In 2016, on my way to Salem (Tamil Nadu), I decided to stop for breakfast from an ‘Amma canteen’ in Rasipuram town (Namakkal district). The food was hygienic, delicious and extremely cheap. I was very appreciative of such government initiatives until the matter of ‘choice’ started haunting me. Are such programmes where the government gets to decide a poor person’s menu sustainable in the long run? Why are we not able to equip him financially so that he can make choices for himself? At least the basic choices like food.
A recent UNDP report praised India for its momentous efforts to pull 271 million people out of poverty in just ten years. Before the echo of cheers dies down, let’s also take note of a recent Oxfam report that points to rising economic inequalities in India. It claims that the richest 1% accrued 73% of wealth generated in 2017. Worse still, it placed India among the last 15 in Oxfam World Inequality Index (commitment to reduce inequality). Now it’s time for us to introspect as to where we are lagging. What is going wrong with us? There are a few simplistic inferences that can be made from the studies mentioned above. First is that persons with ‘Investable capital’ have their way in wealth generation. Secondly, we have to come up with some imaginative ways to facilitate resource transfer from rich to poor. This is to say that we need structural adjustments in government policies, taxation and other resource mobilisation techniques.
Being democratic and socialistic shall go hand in hand to address the socioeconomic inequality in India. This is important because there are instances of peer countries like China and Russia attempting to bring about equality through coercive measures such as compulsory take over of resources by the state, payment of salaries in kind, collective farming and the like. A more heterogeneous Indian society would not be able to sustain the hostilities and struggles that such actions create. Therefore, the resource flow from rich to poor shall be a smooth affair in India. This article is an attempt to suggest some fresh initiatives which can potentially make our development journey more egalitarian.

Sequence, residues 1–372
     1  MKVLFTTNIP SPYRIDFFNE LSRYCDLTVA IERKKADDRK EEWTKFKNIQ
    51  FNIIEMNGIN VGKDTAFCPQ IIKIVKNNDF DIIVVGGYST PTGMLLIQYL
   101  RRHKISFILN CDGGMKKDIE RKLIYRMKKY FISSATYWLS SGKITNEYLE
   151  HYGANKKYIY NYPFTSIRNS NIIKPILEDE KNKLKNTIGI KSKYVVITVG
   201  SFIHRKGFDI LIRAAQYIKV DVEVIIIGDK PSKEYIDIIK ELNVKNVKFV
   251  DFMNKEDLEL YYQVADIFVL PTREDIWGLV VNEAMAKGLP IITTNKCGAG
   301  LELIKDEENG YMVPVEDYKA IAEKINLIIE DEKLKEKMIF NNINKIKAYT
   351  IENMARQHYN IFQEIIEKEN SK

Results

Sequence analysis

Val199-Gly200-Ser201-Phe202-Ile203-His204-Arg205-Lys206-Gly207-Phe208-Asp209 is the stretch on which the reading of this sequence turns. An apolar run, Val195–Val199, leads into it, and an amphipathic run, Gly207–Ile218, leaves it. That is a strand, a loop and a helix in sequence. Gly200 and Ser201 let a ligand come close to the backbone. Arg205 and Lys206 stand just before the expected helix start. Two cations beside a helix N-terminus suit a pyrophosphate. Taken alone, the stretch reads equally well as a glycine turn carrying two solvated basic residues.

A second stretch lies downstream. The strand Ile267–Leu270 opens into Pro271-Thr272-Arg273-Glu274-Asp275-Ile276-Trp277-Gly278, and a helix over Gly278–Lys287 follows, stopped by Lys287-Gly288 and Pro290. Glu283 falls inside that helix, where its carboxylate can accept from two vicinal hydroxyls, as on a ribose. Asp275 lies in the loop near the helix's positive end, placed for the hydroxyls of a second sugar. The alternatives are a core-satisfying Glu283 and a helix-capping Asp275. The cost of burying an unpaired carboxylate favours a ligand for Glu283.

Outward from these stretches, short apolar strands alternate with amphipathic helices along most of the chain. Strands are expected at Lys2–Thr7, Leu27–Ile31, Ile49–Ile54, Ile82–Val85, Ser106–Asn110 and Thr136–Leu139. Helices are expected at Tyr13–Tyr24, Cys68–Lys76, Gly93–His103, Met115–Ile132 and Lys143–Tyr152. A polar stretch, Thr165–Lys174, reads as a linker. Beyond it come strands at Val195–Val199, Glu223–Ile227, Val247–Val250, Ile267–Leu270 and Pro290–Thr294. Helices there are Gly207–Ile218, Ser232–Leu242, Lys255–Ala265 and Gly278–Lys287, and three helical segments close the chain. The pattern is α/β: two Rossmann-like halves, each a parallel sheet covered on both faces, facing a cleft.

Individuals who are willing to contribute by their own free will can be brought under one umbrella. This can be done in a decentralised manner at the local level such as panchayats, or it can also be hierarchical such as district, state and national level. With the sheer number of ‘well to do citizens’ in India, this initiative will enable significant resource mobilisation. It is to be kept in mind that the contributors will not enjoy any special privilege over the assets created other than goodwill from the community. This good Samaritan attitude shall be ingrained into the future generations as part of an essential national character. Appropriate mechanisms including all stakeholders such as elected representatives and contributors shall be in place to ensure transparency in selecting the work and allocation of money from the fund.
Since we are talking of resource sharing and mobilisation, their optimal utilisation and wastage need to be prevented as well. We can
In a predominantly agricultural country (nearly 49% workforce) even the rich farmers are excluded from taxation. When we read this along with the fact that the big farmers arrogate benefits of most of the farm subsidies in India, the distributional injustice becomes clearer. It is high time that India should go for more targeted agricultural policies. The Minimum Support Price (MSP), farm subsidies such as power subsidies, fertiliser subsidies, farm loan waivers etc. are to be only for the deserving vulnerable sections.